To further prove a Due West custom or policy of condoning the use of excessive force, and to prove a Due West custom or policy of inadequate training and supervision, Smith offered the testimony of Harry Stille, the former mayor of Due West. Stille testified that he was the supervisor of the police department and that he had supervised Officer Scott and had ridden with him on patrol. He also testified that the City of Due West sent its police officers to the police academy in Columbia, South Carolina, as required by state law, as soon as the officers were accepted by the academy. He further testified that police applicants were screened by the police committee of the city council after interviews and recommendations, with qualified applicants being recommended to the city council for employment.
The Supreme Court recently held in City of Oklahoma v. Tuttle, --U.S. ----, 53 U.S.L.W. 4639 (June 4, 1985) that a policy of inadequate training may not be inferred from a single isolated incident of excessive force. In so holding, Justice Rehnquist, writing for the plurality, reasoned:
Proof of a single incident of unconstitutional activity is not sufficient to impose liability under Monell, unless proof of the incident includes proof that it was caused by an existing, unconstitutional municipal policy, which policy can be attributed to a municipal policymaker. Otherwise the existence of the unconstitutional policy, and its origin, must be separately proved. But where the policy relied upon is not itself unconstitutional, considerably more proof than the single incident will be necessary in every case to establish both the requisite fault on the part of the municipality, and the causal connection between the "policy" and the constitutional deprivation.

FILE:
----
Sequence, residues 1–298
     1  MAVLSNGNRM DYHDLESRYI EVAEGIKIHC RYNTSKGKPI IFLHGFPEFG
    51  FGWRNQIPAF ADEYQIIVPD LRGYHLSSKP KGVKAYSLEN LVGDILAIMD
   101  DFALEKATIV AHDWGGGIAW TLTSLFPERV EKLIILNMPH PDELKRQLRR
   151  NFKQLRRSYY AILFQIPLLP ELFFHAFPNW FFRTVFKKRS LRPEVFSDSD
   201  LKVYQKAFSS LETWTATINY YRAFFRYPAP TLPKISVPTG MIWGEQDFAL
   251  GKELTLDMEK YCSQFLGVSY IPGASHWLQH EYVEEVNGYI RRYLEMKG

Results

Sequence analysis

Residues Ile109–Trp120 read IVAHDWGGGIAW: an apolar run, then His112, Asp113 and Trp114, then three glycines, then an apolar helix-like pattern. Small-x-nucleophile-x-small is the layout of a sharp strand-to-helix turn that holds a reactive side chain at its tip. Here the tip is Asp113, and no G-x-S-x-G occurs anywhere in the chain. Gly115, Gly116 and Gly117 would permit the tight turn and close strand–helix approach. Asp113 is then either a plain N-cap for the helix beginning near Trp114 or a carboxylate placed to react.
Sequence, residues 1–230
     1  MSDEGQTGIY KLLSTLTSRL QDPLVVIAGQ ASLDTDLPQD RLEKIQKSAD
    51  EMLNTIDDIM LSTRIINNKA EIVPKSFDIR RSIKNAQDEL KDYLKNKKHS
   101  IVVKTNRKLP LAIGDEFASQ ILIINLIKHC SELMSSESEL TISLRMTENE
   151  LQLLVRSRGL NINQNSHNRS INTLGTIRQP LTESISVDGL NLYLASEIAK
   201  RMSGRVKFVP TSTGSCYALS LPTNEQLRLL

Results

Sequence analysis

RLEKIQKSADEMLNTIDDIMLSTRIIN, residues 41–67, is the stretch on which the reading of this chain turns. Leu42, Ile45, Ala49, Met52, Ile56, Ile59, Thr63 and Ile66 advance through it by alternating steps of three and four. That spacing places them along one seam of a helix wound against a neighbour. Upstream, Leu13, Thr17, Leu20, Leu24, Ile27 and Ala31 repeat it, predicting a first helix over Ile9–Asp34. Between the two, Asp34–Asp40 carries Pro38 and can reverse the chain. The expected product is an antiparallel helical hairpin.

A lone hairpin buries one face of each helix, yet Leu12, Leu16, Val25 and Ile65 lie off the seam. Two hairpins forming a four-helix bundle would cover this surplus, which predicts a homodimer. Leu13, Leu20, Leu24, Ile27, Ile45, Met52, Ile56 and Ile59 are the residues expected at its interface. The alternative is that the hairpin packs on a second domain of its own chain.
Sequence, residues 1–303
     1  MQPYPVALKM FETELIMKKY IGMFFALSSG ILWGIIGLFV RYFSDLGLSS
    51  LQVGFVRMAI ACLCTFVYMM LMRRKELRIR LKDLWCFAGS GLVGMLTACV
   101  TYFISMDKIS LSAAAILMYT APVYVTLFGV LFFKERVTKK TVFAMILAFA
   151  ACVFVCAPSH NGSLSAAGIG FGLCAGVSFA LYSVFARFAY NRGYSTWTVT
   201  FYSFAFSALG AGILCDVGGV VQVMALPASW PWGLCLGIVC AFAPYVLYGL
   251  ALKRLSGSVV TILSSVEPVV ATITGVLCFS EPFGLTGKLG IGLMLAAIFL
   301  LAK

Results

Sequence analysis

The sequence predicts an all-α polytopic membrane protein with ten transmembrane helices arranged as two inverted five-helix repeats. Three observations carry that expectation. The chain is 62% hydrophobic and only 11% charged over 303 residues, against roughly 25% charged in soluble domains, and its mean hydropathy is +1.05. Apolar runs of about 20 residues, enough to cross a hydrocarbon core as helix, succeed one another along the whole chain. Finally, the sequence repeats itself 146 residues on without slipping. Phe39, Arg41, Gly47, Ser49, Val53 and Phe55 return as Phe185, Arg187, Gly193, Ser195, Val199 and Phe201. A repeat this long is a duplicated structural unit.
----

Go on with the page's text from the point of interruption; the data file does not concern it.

Id. at 4643 (footnotes omitted).
Under this reasoning, it is clear that the evidence in this case was insufficient to raise a jury question that the City of Due West acted through its customs or policies to deprive Smith of his constitutional rights. Smith put forward only isolated instances of police misconduct and in so doing, failed to make out a case. Therefore, the district court properly directed a verdict in favor of the City of Due West and Officer Scott.
Smith also contends that the district court erred in excluding evidence of alleged misconduct on the part of Officer Scott occurring after September 9, 1984. We disagree. We find that the district court did not abuse its discretion in excluding this evidence. See Daskarolis v. Firestone Tire & Rubber Co., 651 F.2d 937 (4th Cir. 1981); Pierce Packing Co. v. John Morrell & Co., 633 F.2d 1362 (9th Cir. 1980).
Smith finally contends that the evidence was sufficient to raise a jury question that Officer Scott acted as a final decisionmaker for the City of Due West, thereby subjecting the City of Due West to Sec. 1983 liability. For support, he cites Pembaur v. City of Cincinnati, --U.S. ----, 54 U.S.L.W. 4289 (March 25, 1986). Again, we disagree. We find Smith's contention on this point without merit and unsupported by the record.
Because the facts and legal contentions are adequately developed in the materials before the Court, and argument would not aid the decisional process, we dispense with oral argument and affirm the judgment of the district court.